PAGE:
By Tia Lynn Lecorchick managing editor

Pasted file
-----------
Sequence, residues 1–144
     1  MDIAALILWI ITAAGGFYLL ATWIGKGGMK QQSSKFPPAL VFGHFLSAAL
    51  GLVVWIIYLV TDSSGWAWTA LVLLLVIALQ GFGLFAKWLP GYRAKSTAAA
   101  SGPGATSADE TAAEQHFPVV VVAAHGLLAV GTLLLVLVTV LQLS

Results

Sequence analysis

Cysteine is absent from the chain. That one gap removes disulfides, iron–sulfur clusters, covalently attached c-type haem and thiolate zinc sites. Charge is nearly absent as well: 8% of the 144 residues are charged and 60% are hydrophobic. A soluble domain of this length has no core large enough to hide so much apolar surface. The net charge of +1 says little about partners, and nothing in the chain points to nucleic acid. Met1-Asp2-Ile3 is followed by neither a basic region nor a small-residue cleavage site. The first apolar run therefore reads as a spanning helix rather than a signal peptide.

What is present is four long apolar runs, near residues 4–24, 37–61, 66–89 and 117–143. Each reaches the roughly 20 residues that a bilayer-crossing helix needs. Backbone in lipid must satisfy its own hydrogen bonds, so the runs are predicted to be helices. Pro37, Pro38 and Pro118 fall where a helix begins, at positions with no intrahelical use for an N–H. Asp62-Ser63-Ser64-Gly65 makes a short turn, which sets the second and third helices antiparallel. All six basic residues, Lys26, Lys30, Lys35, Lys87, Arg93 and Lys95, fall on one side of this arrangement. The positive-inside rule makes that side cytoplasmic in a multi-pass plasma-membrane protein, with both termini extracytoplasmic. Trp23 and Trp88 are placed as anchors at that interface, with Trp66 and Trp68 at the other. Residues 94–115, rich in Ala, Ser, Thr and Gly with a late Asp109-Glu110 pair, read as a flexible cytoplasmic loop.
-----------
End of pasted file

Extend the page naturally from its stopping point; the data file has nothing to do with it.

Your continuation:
The Georgia State Patrol held a luncheon, memorial service, and road dedication for a fallen trooper, Keith Harlan Sewell, a First Class Trooper, who died in 1979 in a car crash while answering a call concerning a motorcycle gang riot in Greene County. The call was later discovered to be a false call. Sewell’s family, Georgia State Patrolmen, and local law enforcement representatives gathered to witness the unveiling of a memorial sign dedicating the bridge of Route 441 near Apalachee Road to Trooper Sewell on Oct. 16. Keith Sewell was just 25-years-old when he died, leaving being his wife, June Wallace, and then 5-month-old son, Brian Sewell. He was also survived by his mother, Lottie Sewell and brother, Anthony Sewell. Keith Sewell originally planned on a career in music, majoring in music at Georgia Southern University, where he met his wife. But after a friend was murdered, Keith Sewell switched his major to criminal justice and dedicated his life to public safety through law enforcement. Corporal Brad Walker, of Georgia State Patrol, is glad to see Sewell’s memory finally honored with a road dedication. “He gave his life while serving the public—the ultimate sacrifice,” said Walker. “We want to honor that.” Captain Allen Marlowe, Troop E Commander, encouraged the crowd to evaluate their own lives in light of life’s often cruel and unexpected brevity. “For Sewell, a call came, he answered and he met his Maker that day,” said Marlowe. “It could happen to any of us. So, look at yourselves and dedicate your life to Christ.” Sewell’s mother, brother, and widow each spoke to his life during the memorial service at The First Methodist Church in Madison—the same church Sewell’s funeral was held in. June Wallace, Sewell’s widow, addressed the crowd to share about her memories of Keith Sewell and to thank the Georgia State Patrol for honoring his legacy. “The state patrol is a family and they love each other like a family and take care of each other like a family,” said June Wallace. “Keith always had a huge smile on his face. He cared about people and he put that caring into action. He was full of life and full of fun. He loved a good joke. He worked with the youth at this church. He was a loving and caring husband, a proud father, and close to his family. They were all such an important part of his life.” Wallace played a piano version of the hymn “How Great Thou Art,” at the memorial service because it was Keith’s favorite song. “I used to hear him singing it outside all the time,” remembered Wallace. “To our trooper here today: Keith was called to be with the Lord at the age of 25. We all know that your job is risky and we thank you for the sacrifices you make every single day,” closed Wallace. Lottie Sewell, Keith’s mother, spoke of her son’s love of questions, people, and sense of independence from a young age. She was moved by the memorial the state patrol had arranged for her son. “I am so humbled by this day,” said Lottie Sewell. “It means so much to me that all of you have gone through so much trouble to honor Keith like this.” Anthony Sewell, Keith’s brother, expressed his gratitude for the service of his brother and every state patrolmen. “I’d like to add my thanks for the great turnout today and to the state patrol as a whole,” said Anthony Sewell. “My brother devoted his entire life to law enforcement to keep others safe. But we want you to be safe out there, too. We know you have a dangerous job. We lived through it. Be safe, and don’t risk too much and put your families through what we’ve been through.” According to Corporal Brad Walker, there are approximately 27 fallen state troopers for whom other road dedications are being arranged. Next Thursday, Oct. 23, the Georgia State Patrol will honor fallen trooper Morris with a road dedication on 441 between the south city limits of Madison and the north city limits of Eatonton.